- by Gitabushi
1) At the risk of re-igniting the running battle about Hard SF vs Soft SF, it hit me that some of the resentment from Soft SF proponents seems to be they think the labels were initiated for Science Fiction, and that “Soft” was at least inadvertently derogatory. But there are many things that have those labels without “Soft” being derogatory, but descriptive.
In fact, I think the term came from descriptions of science. Math is intrinsic to Hard Science. Soft sciences are those in which quantifying knowledge is difficult, and much research is qualitative. As Soft science concerns itself with society, politics, economics, psychology, etc, so does Soft Science Fiction concern itself more with the people than with orbital mechanics, axial tilt, etc.
I don’t know. Maybe it will help people to accept the designations as valid descriptors if they can understand it wasn’t terms developed within the Science Fiction community.
2) Larry Niven, I think, really hated the term Sci-Fi. I know some people really hated the term, at least. I think SFF (Science Fiction/Fantasy) was the preferred term. Personally, I prefer Speculative Fiction, for reasons I will explain below.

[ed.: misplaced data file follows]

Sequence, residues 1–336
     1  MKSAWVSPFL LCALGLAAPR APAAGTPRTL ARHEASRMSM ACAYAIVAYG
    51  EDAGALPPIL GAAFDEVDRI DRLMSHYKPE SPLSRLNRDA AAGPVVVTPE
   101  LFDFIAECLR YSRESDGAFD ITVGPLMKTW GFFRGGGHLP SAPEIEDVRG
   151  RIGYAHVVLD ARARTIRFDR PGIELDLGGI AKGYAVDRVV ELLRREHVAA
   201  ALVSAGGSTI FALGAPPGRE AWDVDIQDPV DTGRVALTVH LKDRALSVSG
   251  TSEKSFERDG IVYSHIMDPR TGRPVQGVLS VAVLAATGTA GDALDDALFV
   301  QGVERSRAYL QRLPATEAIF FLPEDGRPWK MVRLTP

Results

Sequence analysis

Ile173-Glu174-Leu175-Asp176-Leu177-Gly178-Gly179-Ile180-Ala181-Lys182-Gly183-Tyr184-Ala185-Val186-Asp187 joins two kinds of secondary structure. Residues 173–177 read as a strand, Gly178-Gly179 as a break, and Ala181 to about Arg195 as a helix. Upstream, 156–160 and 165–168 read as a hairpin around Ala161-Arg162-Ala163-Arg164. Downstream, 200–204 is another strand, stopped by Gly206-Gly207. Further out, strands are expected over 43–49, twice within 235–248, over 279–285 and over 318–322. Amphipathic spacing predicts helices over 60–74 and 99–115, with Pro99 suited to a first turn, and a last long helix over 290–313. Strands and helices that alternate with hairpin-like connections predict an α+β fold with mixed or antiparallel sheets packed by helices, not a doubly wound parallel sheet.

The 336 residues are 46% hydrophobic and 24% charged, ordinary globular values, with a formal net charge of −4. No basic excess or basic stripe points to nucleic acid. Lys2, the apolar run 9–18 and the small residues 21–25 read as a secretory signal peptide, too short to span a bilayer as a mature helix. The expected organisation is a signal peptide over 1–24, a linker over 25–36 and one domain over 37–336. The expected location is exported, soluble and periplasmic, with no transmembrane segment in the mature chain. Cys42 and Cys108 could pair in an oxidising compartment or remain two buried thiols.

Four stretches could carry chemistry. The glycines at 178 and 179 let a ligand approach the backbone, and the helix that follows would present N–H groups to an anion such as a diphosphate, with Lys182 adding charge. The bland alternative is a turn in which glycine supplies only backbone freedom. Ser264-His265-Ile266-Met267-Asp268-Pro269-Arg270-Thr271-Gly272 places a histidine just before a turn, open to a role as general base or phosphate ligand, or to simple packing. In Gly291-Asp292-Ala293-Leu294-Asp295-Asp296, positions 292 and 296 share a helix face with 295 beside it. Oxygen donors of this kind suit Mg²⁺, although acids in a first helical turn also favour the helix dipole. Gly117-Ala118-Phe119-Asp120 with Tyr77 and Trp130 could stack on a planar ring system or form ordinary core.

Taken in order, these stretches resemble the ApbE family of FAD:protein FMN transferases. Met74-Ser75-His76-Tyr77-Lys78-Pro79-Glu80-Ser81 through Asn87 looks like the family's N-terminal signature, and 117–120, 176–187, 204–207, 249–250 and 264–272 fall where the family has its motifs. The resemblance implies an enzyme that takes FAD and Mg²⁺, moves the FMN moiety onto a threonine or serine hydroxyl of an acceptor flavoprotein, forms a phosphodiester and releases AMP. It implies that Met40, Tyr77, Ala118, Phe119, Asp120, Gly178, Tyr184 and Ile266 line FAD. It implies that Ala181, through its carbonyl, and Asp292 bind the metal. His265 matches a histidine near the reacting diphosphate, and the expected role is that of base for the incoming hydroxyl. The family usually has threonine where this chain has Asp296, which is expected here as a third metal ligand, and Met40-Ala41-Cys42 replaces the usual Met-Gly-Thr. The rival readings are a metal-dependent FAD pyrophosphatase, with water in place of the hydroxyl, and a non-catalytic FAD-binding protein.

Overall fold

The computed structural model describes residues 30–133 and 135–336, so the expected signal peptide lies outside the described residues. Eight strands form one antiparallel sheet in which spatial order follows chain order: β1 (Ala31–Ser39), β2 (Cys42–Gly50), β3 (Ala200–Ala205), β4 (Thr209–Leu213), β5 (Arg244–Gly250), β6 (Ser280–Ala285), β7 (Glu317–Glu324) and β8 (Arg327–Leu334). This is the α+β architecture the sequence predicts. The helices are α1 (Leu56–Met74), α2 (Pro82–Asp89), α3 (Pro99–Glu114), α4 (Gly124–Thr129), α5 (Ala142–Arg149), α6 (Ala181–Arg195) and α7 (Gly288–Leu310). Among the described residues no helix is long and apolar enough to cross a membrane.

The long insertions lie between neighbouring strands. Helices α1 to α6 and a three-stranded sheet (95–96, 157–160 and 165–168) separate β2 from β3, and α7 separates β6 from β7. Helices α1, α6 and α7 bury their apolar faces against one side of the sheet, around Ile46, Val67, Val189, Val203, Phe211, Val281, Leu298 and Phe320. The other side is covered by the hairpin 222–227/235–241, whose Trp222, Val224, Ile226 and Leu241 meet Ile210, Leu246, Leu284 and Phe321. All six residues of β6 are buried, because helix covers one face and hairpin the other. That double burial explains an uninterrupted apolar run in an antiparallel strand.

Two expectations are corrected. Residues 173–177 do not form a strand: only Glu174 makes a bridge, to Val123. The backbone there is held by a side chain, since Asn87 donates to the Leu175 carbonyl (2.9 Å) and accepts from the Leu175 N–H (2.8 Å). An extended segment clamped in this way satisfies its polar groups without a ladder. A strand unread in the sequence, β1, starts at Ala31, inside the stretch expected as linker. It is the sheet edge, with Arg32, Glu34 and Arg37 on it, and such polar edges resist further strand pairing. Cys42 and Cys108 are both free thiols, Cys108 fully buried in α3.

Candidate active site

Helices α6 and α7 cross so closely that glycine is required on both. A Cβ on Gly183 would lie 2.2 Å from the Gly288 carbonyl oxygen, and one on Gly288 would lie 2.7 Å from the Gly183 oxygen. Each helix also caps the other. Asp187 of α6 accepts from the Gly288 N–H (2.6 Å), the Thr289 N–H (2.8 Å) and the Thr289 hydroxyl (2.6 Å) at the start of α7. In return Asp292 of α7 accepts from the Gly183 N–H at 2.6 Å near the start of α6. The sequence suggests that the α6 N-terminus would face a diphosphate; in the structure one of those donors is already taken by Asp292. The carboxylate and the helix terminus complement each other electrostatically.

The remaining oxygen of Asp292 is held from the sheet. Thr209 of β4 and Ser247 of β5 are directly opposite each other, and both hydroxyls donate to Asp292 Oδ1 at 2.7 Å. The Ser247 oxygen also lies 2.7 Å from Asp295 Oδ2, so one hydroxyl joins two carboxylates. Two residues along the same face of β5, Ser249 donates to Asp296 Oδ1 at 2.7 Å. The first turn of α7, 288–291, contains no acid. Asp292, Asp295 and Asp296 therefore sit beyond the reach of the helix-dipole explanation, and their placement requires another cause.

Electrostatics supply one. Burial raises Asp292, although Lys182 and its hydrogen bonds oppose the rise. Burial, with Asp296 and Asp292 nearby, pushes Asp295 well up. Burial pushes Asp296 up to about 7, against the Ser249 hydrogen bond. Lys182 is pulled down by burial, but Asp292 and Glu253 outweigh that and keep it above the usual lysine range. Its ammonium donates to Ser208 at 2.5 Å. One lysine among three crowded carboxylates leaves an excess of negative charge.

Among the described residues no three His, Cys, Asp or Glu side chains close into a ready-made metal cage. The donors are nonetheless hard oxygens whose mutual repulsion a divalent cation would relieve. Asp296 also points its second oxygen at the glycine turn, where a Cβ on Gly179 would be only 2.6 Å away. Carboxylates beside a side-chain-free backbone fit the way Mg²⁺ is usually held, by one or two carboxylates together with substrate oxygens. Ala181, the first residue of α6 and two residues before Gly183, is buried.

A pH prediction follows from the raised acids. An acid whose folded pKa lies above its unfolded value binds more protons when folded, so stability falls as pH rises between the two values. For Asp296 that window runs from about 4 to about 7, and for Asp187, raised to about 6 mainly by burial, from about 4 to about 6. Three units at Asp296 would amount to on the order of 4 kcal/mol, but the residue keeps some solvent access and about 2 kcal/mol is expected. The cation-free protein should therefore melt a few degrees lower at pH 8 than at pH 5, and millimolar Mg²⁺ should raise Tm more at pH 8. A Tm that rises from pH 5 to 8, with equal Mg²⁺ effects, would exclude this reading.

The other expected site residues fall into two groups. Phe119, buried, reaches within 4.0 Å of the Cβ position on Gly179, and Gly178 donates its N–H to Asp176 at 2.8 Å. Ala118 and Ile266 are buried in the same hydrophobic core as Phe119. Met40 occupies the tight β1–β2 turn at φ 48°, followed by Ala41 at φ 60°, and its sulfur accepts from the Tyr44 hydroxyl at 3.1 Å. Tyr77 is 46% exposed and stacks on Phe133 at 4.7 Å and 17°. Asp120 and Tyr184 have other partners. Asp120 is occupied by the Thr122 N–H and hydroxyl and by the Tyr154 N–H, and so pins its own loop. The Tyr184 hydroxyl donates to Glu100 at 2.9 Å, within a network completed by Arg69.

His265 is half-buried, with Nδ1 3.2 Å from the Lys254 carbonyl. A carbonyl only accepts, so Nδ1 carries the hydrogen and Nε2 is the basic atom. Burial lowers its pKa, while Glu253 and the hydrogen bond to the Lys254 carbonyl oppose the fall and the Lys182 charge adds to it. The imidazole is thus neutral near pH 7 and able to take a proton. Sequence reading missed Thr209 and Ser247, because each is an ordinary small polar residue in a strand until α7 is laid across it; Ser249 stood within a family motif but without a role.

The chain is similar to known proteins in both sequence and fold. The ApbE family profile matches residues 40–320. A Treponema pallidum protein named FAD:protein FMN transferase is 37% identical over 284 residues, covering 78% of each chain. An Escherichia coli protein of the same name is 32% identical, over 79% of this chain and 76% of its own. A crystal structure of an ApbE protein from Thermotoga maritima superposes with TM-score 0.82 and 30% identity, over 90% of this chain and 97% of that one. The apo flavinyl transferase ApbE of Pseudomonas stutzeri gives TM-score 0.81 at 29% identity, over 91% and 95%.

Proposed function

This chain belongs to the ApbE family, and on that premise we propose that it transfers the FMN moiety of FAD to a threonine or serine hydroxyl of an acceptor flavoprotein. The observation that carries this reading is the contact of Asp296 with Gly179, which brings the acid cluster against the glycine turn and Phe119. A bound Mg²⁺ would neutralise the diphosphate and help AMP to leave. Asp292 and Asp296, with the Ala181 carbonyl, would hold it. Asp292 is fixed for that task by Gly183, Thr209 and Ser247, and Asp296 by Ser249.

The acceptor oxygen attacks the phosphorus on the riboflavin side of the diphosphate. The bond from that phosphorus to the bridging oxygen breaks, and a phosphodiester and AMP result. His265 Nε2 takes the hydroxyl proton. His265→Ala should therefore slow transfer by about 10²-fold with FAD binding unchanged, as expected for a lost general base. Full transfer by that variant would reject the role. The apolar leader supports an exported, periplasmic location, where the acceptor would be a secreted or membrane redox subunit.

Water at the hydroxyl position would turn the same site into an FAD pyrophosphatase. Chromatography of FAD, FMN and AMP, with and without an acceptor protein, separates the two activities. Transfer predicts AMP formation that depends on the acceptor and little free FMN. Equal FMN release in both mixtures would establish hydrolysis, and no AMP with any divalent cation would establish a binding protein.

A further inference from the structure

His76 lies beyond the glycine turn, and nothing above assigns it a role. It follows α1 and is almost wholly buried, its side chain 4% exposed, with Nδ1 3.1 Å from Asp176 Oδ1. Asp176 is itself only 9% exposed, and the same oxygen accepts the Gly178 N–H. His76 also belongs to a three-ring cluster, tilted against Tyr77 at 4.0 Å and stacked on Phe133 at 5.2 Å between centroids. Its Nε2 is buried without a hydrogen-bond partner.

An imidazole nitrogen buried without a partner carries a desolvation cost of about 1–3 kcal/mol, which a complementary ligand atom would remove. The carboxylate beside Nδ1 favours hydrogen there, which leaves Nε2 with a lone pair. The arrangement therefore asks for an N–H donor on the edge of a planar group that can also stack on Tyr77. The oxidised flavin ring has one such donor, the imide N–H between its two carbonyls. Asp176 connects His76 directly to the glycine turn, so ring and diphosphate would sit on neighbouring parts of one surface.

But to be honest, I don’t really care that much. To be perfectly blunt, Sci-Fi is much easier to say than SFF or Speculative Fiction.
I think Sci-Fi was hated because it seemed to be derivative of Hi-Fi, a faddish term in audiophile circles. But Hi-Fi isn’t a faddish term anymore, and Wi-Fi is ubiquitous and normalized. Should we bring back Sci-Fi? Did it ever really go away, or was that just my reading circles?
What term do you prefer?
3) I prefer the term Speculative Fiction. I prefer that term because to me, the best Science Fiction and Fantasy are those stories that challenge me, that make me think. Science Fiction is, at its best, an exploration of what it means to be human, what ways we can change and still be human, why humans are the way we are, and what changes to our environment might do to the nature of humanity. Fantasy, in contrast (when it is in contrast…it isn’t always), is an exploration of large themes of Good and Evil, of Power, of individuality.
Both speculate on world and societies close to ours, but not ours, exactly. This allows the the author to fully explore the aspect(s) of humanity that he wishes to highlight.
Maybe there are stories that are just stories of cool events, that don’t explore issues of loyalty, courage, responding to threats, the nature of civilization, etc. I don’t really want to read those stories.
Oh, yeah: PC Bushi, the slavedriver, requires me to include a picture every time.
Here’s a Speculative Fiction story in just one cartoon: